There’s something unique about some bands. They aren’t just a musically aligned group of people, nor are they just a bunch of friends. It’s something more. On a good day a band can be a close-knit family of artists all passionate about putting their creative energies into the same project.
With that in mind, we spent a day in the studio with Brighton trio Hanya to find out how they work and to get a sneak preview of their new music. We dropped in to take photos while they were recording some tracks at Echo Zoo Studios with the help of producer Max Fletcher.
Hanya are a Brighton-based trio comprised of Heather Sheret, Ben Varnes and Jack Watkins. They formed in 2020, developing from a two-piece with the later addition of Ben. Their most recent release, ‘Amateur Professional’, is a post-punky tune with layers of nostalgia, floating vocals and punchy guitar. The previous year they released their acclaimed seven-track EP ‘100 Metre Sprint’, which combines indie rock with a soft shoegaze sensibility. The explorative guitar, alongside the memorable drumbeats, is a real joy to take in.
Hanya’s sound can be described as dream pop, but it’s constantly developing so maybe it’s not helpful to put them into any particular category, at least at the moment. However, if we had to try and pin down the band’s musical influences it would be worth looking at the nostalgic sounds of the indie scene with bands like The Sundays, Heavenly, My Bloody Valentine, Cocteau Twins and Beach House. While it seems a cheap move to reel off a list of classic dream pop bands, it’s worth noting that Hanya themselves don’t directly attribute their sound to a love of the genre.
Having heard Hanya in the studio, we’ve realised that each instrument contributes to a sound that’s greater than the sum of its parts. This sense of harmony is echoed in the relationship between the musicians. There is a silliness and humour in Hanya’s music that can be found nestling in the serious songwriting and dreamy atmosphere. This element of their music is easy to spot after spending a day with them. Afterwards, we sat down with singer Heather to try and get a better understanding of how the band works.
The three of you have very different personalities, but it all comes together in the music. What’s the secret?
Truly I think the thing that ties it together is how comfortable we are with each other. I personally never thought I would be able to write with other people, but we have such respect for each other’s lifestyles and musical approaches that it means we can be ourselves. We have also known each other for so long. I have known Ben for eight years and Jack for 12.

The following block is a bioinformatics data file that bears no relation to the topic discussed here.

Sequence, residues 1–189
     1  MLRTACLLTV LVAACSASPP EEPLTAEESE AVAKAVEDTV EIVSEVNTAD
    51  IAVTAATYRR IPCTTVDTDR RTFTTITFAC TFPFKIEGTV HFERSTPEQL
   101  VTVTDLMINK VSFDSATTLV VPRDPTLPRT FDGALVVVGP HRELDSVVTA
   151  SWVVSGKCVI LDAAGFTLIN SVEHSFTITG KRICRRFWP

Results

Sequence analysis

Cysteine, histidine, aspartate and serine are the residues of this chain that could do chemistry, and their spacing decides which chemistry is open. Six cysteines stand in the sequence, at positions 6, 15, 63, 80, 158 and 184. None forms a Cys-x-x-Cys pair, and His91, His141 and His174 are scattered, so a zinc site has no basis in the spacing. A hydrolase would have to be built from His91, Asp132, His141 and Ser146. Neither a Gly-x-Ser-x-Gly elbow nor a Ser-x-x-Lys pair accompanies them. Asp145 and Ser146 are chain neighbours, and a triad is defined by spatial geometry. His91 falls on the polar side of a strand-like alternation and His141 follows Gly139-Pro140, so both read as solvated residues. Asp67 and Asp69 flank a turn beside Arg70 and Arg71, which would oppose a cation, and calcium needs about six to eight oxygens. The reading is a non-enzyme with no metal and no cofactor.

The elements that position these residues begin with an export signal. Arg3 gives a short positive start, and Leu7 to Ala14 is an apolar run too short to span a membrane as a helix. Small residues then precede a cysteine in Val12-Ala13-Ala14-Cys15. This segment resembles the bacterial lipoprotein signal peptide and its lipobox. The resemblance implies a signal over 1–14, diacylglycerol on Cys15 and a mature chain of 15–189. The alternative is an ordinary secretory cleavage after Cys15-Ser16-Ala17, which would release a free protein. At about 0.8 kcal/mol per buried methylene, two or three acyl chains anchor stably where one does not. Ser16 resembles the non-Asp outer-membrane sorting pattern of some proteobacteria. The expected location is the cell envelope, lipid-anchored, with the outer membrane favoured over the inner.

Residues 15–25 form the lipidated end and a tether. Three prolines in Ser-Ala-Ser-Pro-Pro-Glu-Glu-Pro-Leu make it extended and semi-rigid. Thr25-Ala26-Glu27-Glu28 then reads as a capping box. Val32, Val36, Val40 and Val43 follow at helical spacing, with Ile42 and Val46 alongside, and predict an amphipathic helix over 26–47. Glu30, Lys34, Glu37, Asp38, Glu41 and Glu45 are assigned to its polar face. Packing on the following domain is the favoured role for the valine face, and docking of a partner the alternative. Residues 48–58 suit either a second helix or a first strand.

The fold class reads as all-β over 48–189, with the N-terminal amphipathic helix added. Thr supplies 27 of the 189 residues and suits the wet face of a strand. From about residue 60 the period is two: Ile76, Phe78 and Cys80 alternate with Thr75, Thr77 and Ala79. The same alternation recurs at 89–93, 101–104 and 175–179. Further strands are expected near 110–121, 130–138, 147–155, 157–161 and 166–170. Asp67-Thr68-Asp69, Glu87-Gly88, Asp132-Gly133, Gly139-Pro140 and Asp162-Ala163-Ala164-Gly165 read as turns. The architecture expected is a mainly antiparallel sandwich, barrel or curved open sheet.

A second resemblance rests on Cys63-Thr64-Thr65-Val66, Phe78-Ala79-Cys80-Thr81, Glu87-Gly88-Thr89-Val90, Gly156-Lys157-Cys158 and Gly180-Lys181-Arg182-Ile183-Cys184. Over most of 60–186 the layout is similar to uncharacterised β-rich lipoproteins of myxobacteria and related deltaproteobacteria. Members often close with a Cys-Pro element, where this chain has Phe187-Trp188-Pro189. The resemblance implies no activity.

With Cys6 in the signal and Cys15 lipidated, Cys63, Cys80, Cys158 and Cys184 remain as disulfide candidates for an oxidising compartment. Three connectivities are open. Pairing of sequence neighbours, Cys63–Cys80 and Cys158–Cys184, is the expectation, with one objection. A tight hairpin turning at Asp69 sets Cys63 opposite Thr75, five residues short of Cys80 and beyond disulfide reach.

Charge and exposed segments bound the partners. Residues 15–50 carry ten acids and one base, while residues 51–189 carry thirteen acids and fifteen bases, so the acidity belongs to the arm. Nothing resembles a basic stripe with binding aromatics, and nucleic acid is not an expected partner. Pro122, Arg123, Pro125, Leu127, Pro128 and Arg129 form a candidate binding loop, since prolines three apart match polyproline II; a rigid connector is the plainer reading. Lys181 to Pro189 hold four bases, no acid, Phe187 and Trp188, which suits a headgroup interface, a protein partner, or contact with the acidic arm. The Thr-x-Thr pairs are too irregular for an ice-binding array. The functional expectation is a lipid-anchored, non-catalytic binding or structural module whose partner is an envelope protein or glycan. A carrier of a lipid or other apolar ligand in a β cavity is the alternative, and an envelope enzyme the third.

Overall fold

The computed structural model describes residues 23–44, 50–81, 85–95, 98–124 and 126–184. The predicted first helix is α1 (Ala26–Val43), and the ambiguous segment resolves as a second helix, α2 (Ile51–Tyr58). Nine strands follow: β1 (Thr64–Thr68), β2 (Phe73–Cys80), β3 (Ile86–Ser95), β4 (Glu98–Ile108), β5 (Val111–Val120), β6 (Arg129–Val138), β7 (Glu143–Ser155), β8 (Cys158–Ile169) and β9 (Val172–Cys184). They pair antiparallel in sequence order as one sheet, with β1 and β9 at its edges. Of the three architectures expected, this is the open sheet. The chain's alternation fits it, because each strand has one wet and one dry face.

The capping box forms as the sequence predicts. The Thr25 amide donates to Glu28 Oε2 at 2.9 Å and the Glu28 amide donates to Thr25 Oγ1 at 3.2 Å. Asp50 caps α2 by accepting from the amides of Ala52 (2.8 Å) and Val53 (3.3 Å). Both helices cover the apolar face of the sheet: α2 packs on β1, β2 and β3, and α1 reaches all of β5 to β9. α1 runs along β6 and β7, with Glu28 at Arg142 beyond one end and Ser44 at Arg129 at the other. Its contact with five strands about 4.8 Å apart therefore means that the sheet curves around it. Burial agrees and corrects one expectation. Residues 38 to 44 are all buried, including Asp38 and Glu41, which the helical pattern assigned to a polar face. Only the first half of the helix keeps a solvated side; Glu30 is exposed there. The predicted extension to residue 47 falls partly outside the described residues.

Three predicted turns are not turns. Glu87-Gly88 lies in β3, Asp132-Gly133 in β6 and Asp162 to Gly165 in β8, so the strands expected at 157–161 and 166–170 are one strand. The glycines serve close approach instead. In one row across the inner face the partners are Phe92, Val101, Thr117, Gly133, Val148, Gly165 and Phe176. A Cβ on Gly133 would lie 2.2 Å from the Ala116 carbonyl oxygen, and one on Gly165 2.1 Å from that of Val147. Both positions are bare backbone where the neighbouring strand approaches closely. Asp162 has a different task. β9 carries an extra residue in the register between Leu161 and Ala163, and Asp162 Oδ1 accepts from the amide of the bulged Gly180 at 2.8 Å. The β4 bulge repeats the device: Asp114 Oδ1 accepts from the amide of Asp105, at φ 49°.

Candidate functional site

What is it that appeals to you most about the dream pop sound?
It’s not specific bands… we got told we sounded like certain bands after we started. The initial pull was the fact I was playing the guitar a lot with pedals and really enjoying the washed-out sounds. And also coming from a singer-songwriter background, it was quite easy to write that way, to make things texturally interesting without being that good at playing the guitar! But overall, I think it’s an accidental thing that we have fallen into that genre. The sort of music we listen to is quite far-reaching, but we can all agree that we like guitar music with a driving element to it, anything that feels elevated from your average ‘indie pop’.
What’s the biggest difference between a studio recording and a live set?
I scream more.
Okay, so what’s the best bit about being in the band for you?
For me, it’s playing live. I’ve always loved performing and being on stage. Also, I think post-pandemic there is a real “let’s just let go” side of it that I was missing previous to that. But I also really enjoy just making things and the process of focus. It’s not necessarily about putting a song into the world for me, I think the process is the best part, often by the time it’s released you hate it anyway…
You’re no strangers to releasing your own music… what are the biggest challenges of being in a band now?
Financially it’s definitely getting much harder. It used to be that we could tour on a shoestring and it would be alright, but that’s becoming increasingly more difficult, especially since we want to make the live experience as good as it can be. I think we learnt a lot about adding more and designing the live show so that it’s really fun. But that comes at a cost of bringing more people and more equipment and constantly wanting to add more elements, so you can’t always do it when you’re at the level we’re at. We have bigger plans than our budget will ever allow!
Do some of your experimental sounds come out of the fact that Ben is pretty handy at building and fixing guitars?
Yes is the short answer. He’s great at discovering new things, whether it’s slide chaining the keys to the kick drum or coming up with new ideas for the production side of things. Going back to the first question though, I think we fill in each other’s gaps. I am much more spontaneous with how I write and Ben is more considered and together we can write things that have elements of both. Some things are more my way, some things are more his way, but we can help each other to get started or to finish a track that way. But yes, the experimental stuff definitely does come into play, even if it means we have to lug around his giant stereo cab which makes every sound engineer hate us…
What have we got to look forward to from you guys?
Well, we can say that we are playing the official Great Escape which we can’t wait for! In related news we have also signed to FatCat records, so look forward to lots of new tunes coming your way.
Hanya are playing at The Great Escape festival in May and at the Hope & Ruin on Friday 7th April
Words and photos by Leo Sartain